A deposit system would help clean up our streets but it wouldn’t solve our waste issue, says James Mackenzie
Last month, in her Programme for Government speech, the First Minister declared that Scotland would, after all, have a deposit return system for empty drinks containers. Environmental activists concerned about litter on land and at sea cheered the announcement, as did many in Scottish local government. This system will make their work easier to deliver and less costly.
A deposit system will have a major impact on litter, on waste and on recycling. It does, however, only cover three materials – glass, plastic and cans – and only when used in drinks containers. If we want to make real progress towards being a zero waste society, one which ends mass landfill and incineration, one which beats litter and makes responsible use of limited natural resources, much more needs to be done.
The idea of a waste hierarchy is more than 40 years old, with the top priority given to prevention of waste in the first place, with reuse and recycling as best options only when those have failed. Measures such as deposit return boost recycling and reduce disposal, but the top of the hierarchy is where we must focus.
The other shift is away from simply badgering the public into recycling more, and towards the idea of tackling the problem before consumers even see the end product. Even the most scrupulous recyclers amongst us still end up with bins full of plastic from food packaging. In all but the most well-served parts of Scotland there is no low-packaging alternative. And if you buy a new fridge, TV or computer, you can expect to have vast blocks of polystyrene in the box which can be recycled almost nowhere.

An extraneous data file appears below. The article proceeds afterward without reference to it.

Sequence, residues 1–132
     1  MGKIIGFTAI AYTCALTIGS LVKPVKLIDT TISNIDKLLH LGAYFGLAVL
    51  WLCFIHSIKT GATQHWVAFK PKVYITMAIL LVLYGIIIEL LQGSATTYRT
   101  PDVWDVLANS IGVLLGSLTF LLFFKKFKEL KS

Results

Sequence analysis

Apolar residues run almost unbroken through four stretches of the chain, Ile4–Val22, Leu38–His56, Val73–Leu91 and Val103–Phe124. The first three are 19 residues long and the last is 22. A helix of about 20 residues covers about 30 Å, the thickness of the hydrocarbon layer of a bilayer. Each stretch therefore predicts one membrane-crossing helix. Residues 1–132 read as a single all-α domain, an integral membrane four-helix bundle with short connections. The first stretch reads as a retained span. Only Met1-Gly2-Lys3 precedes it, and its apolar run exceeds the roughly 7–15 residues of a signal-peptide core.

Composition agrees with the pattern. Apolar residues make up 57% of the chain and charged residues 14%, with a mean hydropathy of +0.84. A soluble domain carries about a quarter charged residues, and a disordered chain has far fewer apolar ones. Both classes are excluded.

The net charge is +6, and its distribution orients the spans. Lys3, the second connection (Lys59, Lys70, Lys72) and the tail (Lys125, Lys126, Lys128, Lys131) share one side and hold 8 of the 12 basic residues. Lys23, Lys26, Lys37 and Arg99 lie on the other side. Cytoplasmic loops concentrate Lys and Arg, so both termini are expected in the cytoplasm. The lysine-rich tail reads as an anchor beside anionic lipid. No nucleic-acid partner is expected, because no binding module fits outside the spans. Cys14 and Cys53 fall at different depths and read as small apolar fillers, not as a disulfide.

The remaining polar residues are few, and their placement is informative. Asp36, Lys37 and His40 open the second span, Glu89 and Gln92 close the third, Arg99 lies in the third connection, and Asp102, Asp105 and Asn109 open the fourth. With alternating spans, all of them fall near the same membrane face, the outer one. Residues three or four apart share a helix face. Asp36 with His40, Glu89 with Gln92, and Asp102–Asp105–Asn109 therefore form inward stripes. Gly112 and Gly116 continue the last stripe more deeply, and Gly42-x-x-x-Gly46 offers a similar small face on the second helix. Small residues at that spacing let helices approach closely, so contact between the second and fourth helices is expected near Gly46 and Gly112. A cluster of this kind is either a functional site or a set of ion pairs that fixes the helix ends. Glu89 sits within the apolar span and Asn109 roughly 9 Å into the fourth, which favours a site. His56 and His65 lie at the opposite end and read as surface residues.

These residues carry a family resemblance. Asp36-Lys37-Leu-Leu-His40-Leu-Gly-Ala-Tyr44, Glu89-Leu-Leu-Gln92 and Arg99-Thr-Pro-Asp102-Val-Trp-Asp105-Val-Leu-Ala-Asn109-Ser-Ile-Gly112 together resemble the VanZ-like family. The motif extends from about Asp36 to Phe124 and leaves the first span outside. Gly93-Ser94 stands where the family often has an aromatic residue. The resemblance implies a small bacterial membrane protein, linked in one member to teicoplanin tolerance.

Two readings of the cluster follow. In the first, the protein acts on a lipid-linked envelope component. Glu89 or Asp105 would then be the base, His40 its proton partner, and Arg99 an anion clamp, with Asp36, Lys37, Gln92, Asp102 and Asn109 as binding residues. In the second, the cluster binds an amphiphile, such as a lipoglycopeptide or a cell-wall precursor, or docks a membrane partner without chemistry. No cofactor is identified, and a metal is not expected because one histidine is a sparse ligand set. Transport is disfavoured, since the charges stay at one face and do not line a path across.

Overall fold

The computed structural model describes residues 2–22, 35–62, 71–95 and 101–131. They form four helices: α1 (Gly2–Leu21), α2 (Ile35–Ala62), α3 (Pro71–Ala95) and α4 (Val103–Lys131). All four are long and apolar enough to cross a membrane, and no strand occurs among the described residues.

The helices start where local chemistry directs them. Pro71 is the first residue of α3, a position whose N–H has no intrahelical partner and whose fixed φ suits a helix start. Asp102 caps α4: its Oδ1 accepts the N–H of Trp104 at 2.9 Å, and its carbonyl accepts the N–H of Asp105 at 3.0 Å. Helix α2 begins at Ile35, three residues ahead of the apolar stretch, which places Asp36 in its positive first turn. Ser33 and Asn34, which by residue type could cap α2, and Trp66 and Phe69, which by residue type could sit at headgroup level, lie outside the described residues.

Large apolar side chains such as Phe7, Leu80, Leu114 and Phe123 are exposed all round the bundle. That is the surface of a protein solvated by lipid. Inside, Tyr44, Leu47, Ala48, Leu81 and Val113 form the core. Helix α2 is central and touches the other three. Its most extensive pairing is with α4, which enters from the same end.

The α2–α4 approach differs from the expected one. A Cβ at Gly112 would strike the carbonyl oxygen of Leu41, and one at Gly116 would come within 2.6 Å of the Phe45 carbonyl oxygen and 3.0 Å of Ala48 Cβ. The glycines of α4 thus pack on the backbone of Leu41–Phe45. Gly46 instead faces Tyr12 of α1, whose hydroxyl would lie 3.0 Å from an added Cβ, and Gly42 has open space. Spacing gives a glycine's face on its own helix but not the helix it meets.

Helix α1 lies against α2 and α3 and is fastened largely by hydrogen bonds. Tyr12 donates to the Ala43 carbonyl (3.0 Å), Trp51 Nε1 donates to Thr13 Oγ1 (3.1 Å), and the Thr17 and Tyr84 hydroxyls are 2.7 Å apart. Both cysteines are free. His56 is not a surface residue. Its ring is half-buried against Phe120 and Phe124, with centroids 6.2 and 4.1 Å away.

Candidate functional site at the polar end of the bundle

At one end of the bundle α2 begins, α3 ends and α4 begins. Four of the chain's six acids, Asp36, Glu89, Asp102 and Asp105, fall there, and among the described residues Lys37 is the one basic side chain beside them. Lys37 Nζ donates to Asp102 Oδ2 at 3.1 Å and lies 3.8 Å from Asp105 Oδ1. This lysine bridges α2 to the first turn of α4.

We need governments, whether at Holyrood or Westminster, prepared to create a regulatory framework which provides longer-term clarity, in turn encouraging investment and innovation in product design, packaging and infrastructure. Both governments have set a welcome deadline for the end of sales of non-electric cars. Perhaps similar deadlines could be set for the end of non-recyclable plastic packaging.
A good example is the EU’s 2003 directive on waste electrical and electronic equipment, which made manufacturers responsible for the disposal of these items. In essence, it limits the extent to which manufacturers can make society pay their costs of production. If companies want to make profits in this area, they need to take responsibility for their products after they reach the end of their life.
That’s the theory, anyway. The original target was for just 2 per cent of this equipment to be recycled. If we really want change, we surely need to move towards making them responsible for 100 per cent of their products after use, and for reducing packaging to the minimum.
Some materials should also be banned, for specific uses or across the board. Polystyrene, for example, is very hard to recycle, and New York is trying to ban its use in takeaways, where corrugated cardboard is a better alternative.
The principle of the polluter pays is neatly illustrated by deposit return. Right now, we all collectively pay the costs of littered drinks containers. With a deposit return system, those who pay will be the producers and only those members of the public who do not to recycle.
It’s time to look across everything we make and sell from that perspective, to find solutions that work for different purposes and materials, and to commit ourselves to ending the throwaway society for good.
James Mackenzie is an advisor to the Have You Got The Bottle? campaign for deposit return and a former head of media for the Greens